Feminist filmmaker Mary Harron has made some bold and provocative choices in past films such as "I Shot Andy Warhol," "American Psycho" and "The Notorious Bettie Page." She is not afraid to push things to the edge of reason and watch them topple over with an in-your-face glee. So I'm shocked by the tepid and somewhat unfocused "The Moth Diaries." The film seems to be borne of some interesting ideas, but it never effectively builds in intensity. The picture is lovely, to be sure, with breathy performances, gauzy flashbacks and ethereal fantasy sequences--but does it amount to much? I didn't think so. Pretty, but empty. That's the first phrase that popped into my head as the credits started to roll. Taking a popular young adult novel by Rachel Klein, Harron's choices here appear content to ape the underdeveloped emotions inherent in the Twilight saga as opposed to creating something that felt distinct or unique.
Set in an all-girl boarding school, "The Moth Diaries" opens with an introduction to Rebecca (Sarah Bolger). A troubled girl rebuilding her life after a tragedy, she is really getting back into the swing of things with a close knit group of friends. A creepy new student (Lily Cole) starts to worm her way into the group and strange occurrences abound. Is Rebecca justifiably suspicious of the new girl? Or might it just be jealousy? After all, she is losing her best friend's devotion to this exotic new rival. With vampire allusions aplenty and some seemingly supernatural sightings, we're left to wonder what is real and what might be the imaginings of the increasingly distraught Rebecca. The solution, when it arrives, is neither particularly shocking or even interesting. As the entire film unfolds in one monotonous dimension, no suspense is ever really derived from the tale.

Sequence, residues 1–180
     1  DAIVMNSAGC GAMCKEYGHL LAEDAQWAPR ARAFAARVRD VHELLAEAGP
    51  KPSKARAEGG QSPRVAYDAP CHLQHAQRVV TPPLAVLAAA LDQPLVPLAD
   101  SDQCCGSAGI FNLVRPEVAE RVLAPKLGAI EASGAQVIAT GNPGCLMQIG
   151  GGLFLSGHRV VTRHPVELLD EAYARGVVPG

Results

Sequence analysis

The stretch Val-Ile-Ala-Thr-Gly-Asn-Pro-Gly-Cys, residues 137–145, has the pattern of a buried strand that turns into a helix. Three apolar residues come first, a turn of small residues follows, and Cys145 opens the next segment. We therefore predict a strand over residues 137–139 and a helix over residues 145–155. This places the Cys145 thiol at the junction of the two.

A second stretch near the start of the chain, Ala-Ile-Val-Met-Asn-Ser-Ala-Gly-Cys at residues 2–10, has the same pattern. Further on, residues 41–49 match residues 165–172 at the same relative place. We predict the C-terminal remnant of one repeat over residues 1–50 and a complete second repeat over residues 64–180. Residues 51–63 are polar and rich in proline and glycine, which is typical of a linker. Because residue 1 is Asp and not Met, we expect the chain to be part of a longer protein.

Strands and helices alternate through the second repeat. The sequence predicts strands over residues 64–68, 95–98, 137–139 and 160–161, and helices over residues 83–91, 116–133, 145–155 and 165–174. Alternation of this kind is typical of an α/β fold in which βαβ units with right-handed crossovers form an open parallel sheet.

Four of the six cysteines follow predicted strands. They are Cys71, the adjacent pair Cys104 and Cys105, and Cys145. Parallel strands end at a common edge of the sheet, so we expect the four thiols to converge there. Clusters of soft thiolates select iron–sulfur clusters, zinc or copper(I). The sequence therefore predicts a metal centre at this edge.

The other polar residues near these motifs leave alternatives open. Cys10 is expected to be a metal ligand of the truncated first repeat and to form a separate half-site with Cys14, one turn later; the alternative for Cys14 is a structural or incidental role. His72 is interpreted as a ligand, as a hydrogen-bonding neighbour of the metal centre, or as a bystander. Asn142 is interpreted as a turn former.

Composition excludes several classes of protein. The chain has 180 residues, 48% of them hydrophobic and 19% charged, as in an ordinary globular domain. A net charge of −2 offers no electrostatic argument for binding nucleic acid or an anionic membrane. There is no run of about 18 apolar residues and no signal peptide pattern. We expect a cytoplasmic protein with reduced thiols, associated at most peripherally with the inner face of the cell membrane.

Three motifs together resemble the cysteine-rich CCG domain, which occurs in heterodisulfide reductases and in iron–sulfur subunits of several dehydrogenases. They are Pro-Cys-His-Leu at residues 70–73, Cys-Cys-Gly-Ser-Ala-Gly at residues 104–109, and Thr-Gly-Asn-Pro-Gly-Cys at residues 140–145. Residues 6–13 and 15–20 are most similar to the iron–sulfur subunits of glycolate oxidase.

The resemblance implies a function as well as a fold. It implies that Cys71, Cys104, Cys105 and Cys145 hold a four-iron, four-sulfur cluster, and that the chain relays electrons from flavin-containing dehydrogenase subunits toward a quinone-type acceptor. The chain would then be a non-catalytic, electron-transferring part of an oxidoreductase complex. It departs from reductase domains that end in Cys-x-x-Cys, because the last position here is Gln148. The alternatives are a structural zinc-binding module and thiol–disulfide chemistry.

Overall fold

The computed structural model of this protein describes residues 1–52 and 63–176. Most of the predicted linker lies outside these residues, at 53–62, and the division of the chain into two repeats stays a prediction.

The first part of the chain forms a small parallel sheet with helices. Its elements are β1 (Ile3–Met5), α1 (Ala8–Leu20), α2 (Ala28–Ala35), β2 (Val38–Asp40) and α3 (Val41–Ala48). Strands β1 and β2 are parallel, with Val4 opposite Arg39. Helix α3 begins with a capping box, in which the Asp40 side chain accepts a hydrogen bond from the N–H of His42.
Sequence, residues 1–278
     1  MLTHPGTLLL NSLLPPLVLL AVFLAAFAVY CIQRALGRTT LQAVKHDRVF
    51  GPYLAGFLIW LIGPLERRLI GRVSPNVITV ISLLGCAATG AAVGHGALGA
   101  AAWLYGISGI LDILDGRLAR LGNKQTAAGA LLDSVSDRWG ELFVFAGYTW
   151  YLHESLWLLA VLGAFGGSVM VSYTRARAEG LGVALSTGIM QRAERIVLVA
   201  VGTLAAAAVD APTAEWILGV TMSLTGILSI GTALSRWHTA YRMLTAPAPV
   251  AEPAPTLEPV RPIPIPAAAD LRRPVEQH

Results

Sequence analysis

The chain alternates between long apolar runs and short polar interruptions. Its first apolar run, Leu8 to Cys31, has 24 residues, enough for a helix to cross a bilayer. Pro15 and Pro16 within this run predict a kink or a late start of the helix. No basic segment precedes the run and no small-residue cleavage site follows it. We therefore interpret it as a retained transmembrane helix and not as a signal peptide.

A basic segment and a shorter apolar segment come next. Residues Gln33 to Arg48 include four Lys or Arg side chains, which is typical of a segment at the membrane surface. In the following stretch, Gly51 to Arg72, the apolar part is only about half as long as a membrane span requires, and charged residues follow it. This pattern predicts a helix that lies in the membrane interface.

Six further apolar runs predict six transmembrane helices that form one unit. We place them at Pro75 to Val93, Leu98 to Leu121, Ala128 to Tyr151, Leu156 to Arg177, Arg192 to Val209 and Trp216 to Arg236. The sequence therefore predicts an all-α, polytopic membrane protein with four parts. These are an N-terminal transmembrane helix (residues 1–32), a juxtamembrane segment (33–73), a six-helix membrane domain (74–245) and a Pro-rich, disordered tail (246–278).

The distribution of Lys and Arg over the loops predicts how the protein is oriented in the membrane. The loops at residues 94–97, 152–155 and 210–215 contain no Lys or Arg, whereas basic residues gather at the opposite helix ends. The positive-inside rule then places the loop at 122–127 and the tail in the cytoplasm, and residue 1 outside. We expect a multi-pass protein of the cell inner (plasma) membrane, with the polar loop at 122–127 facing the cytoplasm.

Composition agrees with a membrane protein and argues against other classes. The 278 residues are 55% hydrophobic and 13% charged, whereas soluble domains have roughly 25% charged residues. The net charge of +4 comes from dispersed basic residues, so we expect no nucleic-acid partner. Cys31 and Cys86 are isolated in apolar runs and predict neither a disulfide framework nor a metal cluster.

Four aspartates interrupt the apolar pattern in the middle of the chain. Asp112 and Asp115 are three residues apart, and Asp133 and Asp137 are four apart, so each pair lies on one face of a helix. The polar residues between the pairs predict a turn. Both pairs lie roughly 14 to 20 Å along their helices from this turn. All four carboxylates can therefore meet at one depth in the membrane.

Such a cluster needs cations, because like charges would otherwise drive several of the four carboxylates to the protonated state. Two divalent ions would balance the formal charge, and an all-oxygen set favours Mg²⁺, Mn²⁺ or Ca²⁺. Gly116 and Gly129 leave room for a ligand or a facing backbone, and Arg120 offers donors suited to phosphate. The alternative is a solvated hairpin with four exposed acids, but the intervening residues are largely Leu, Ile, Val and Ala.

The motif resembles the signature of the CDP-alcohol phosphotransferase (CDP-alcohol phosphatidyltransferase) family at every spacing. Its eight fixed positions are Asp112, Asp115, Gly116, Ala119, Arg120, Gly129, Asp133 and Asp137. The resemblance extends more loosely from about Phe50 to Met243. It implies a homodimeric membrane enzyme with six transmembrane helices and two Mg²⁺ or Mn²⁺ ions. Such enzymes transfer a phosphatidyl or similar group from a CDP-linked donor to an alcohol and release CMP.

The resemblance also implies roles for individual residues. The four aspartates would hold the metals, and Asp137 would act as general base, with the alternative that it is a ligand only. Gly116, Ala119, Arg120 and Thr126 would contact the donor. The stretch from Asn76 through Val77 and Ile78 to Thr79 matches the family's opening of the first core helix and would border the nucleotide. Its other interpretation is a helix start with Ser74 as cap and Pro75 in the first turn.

I think the fundamental issue is that lack of adequate character development. All of the girls (and even the staff) start to be affected, but I wasn't invested in any of them. As such, it became hard to care about their respective fates. It doesn't help that the picture has a sporadic (and deadly wooden) narration by Bolger or that a poorly handled subplot involving a male teacher (the likable Scott Speedman) halts the forward momentum of the narrative. Perhaps the most intriguing aspect of the film is the Sapphic subtext as the girls form unnaturally close bonds. As alluded to in the movie, gothic tales such as this always have sex, death, and blood. After proclaiming this, though, the movie shies away from this aspect and leaves it largely unexplored. Harron opted to stay in the tween angst realm in this adaptation and the movie lacks an edginess that might have upped the danger and excitement. I didn't hate "The Moth Diaries," if anything I'm apathetic about it. It might very well have made a great movie, but everything feels thoroughly undercooked. About 2 1/2 stars. KGHarris, 8/12.